I wish they had something like this after my discharge from the military. But that was years before the Internet had gone mainstream.
So it is Tuesday that a couple of nonprofits--the Iraq and Afghanistan Veterans of America and the Ad Council--debuted a social-networking site where veterans can get questions answered and reach out to others who have served.
Great move and long overdue. The generation that serves in Afghanistan and Iraq grew up online and if some sort of virtual community can help speed veterans' readjustment to civilian life, more power to it.
"It allows us to reach the service members on a medium that they are very accustomed to," the Associated Press quoted Todd Bowers, director of government affairs for the Iraq and Afghanistan Veterans of America.
In announcing the Web site, the Ad Council noted that 20 percent of the soldiers returning from the two conflicts suffer from mental health problems "ranging from depression to post-traumatic stress disorder (PTSD), as a result of their service."
When I spoke with Priscilla Natkins, the executive vice president at the Ad Council, she correctly noted that no veteran returns from war unchanged and the idea was to smooth the transition to peacetime.
She pointed out to me that during World War II about 12 percent of U.S. citizens served in the military. These days it's just one half of 1 percent of the population.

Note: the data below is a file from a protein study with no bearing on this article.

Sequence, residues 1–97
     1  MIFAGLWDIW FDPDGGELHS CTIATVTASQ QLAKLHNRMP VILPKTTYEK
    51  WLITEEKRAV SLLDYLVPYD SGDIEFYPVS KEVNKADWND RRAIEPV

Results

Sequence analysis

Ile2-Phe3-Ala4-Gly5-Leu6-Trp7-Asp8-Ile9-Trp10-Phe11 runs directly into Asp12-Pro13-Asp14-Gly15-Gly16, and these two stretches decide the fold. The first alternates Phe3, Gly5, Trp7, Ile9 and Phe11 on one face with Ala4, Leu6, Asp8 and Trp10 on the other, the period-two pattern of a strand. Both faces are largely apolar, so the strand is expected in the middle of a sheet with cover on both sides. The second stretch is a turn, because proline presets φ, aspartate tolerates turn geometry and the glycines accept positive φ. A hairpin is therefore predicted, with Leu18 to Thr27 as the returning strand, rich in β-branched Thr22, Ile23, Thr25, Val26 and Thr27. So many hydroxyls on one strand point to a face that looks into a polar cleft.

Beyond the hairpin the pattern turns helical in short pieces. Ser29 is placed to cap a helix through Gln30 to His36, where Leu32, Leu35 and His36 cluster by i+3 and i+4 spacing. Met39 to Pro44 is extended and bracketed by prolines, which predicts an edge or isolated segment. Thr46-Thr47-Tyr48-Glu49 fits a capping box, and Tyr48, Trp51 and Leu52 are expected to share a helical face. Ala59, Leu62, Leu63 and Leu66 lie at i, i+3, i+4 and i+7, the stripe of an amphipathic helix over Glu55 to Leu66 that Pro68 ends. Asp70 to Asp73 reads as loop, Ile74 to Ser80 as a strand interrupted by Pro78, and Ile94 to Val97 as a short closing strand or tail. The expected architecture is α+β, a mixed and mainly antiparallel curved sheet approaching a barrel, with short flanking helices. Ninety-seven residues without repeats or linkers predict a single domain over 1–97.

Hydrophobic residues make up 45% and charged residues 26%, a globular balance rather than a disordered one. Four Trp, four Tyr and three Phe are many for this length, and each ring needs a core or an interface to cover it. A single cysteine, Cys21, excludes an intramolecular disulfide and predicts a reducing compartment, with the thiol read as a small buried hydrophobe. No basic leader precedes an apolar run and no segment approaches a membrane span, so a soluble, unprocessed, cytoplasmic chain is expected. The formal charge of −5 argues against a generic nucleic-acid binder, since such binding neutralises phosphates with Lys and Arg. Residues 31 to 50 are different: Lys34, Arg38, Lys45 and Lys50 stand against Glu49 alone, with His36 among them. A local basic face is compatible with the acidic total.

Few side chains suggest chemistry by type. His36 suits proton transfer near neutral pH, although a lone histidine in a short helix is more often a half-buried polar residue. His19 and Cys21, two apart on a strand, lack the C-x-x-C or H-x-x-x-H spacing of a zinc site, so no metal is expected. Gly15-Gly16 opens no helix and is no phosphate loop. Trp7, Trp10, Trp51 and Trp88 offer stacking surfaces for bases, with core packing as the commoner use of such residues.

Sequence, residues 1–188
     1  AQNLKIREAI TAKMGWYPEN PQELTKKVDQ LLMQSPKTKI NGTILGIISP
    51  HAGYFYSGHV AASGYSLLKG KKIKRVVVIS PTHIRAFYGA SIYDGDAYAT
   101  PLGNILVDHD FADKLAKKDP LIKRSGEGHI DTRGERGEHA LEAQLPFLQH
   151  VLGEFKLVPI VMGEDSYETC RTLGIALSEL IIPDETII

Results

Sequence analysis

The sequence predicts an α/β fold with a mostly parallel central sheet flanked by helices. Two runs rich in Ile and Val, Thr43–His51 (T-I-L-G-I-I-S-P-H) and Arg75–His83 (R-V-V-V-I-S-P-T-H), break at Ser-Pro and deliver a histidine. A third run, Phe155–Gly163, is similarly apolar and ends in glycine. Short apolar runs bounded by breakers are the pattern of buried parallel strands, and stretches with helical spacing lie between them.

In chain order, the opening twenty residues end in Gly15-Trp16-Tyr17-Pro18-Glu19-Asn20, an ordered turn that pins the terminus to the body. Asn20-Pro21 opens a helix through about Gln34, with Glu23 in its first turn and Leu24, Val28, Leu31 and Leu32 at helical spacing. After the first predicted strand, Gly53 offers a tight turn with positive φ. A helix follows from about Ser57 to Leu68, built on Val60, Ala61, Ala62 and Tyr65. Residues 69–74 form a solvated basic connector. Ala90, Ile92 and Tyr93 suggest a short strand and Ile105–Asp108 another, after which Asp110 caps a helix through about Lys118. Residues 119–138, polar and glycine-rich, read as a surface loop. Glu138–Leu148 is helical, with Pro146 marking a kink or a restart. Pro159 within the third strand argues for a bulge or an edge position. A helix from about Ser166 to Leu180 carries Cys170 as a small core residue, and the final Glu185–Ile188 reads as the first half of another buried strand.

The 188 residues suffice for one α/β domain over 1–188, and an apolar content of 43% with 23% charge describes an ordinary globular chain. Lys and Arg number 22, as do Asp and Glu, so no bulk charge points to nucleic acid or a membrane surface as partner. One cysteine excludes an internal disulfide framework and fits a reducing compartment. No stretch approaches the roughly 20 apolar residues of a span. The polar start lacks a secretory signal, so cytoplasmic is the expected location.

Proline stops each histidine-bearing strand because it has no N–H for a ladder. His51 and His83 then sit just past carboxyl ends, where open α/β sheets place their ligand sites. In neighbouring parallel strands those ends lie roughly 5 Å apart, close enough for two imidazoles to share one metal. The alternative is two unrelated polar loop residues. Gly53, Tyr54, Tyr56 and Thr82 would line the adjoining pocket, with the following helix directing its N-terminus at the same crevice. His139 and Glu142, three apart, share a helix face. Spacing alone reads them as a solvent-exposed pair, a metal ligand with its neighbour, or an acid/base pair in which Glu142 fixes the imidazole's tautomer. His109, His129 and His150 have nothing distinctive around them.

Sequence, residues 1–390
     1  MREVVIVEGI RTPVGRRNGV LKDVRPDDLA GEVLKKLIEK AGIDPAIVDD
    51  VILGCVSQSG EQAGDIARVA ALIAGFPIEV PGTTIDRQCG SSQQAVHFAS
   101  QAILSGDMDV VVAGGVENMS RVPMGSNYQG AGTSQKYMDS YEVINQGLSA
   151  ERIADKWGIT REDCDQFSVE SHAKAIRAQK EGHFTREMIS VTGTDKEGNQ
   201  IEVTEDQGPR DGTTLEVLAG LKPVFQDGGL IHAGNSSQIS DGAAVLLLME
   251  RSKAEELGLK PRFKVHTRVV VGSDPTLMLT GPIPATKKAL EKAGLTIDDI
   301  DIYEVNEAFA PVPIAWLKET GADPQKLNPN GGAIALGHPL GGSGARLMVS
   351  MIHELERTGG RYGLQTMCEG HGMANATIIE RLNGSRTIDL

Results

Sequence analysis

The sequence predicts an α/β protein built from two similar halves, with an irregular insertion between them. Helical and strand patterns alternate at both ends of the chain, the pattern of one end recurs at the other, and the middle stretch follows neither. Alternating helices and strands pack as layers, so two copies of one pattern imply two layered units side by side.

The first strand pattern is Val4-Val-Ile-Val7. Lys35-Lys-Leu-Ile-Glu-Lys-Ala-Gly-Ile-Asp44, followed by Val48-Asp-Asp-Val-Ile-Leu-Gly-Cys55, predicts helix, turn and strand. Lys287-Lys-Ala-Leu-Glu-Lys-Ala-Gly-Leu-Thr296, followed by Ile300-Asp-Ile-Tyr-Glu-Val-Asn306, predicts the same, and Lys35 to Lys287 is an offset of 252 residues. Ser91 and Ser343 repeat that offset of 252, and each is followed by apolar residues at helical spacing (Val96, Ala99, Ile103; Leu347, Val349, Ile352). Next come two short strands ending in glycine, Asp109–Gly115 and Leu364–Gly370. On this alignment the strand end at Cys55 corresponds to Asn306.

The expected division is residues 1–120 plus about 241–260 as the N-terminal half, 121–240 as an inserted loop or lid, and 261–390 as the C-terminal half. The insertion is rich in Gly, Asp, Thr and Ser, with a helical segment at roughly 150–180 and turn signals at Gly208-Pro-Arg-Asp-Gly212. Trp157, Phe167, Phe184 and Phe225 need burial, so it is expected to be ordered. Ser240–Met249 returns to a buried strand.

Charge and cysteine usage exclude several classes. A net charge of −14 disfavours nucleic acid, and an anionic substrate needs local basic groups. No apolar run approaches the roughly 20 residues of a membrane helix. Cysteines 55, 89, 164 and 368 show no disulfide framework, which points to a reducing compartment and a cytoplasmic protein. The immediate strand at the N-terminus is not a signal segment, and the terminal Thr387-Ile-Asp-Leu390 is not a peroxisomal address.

"Vets feel isolated and alone," she said, adding that what they yearn for is a forum where they can talk with each other. Thus the idea for an online site about and for veterans.
True enough. And so my question is this: seven years after we first sent troops into combat in Afghanistan and five years after the Iraq war began, why didn't the federal government think of something like this earlier? I tried to contact someone at the U.S. Department of Veterans Affairs, but, because of the holiday, had no luck getting a live human being to return my call before posting this. I did, however, note that the VA Web site carries the following notification:
Warning! Our goal is to respond to your inquiry within 5 business days. If you are experiencing a medical emergency or in need of immediate crisis counseling, please go to your nearest medical facility Emergency Room or call 911. If you are in need of immediate crisis counseling, please contact VA's suicide hotline at 1-800-273-TALK; counselors are available 24/7 to help.
Think about that. On Veterans Day, that's the best we can do for the men and women who stand on the front lines? Thankfully, some folks in the private sector have a clue.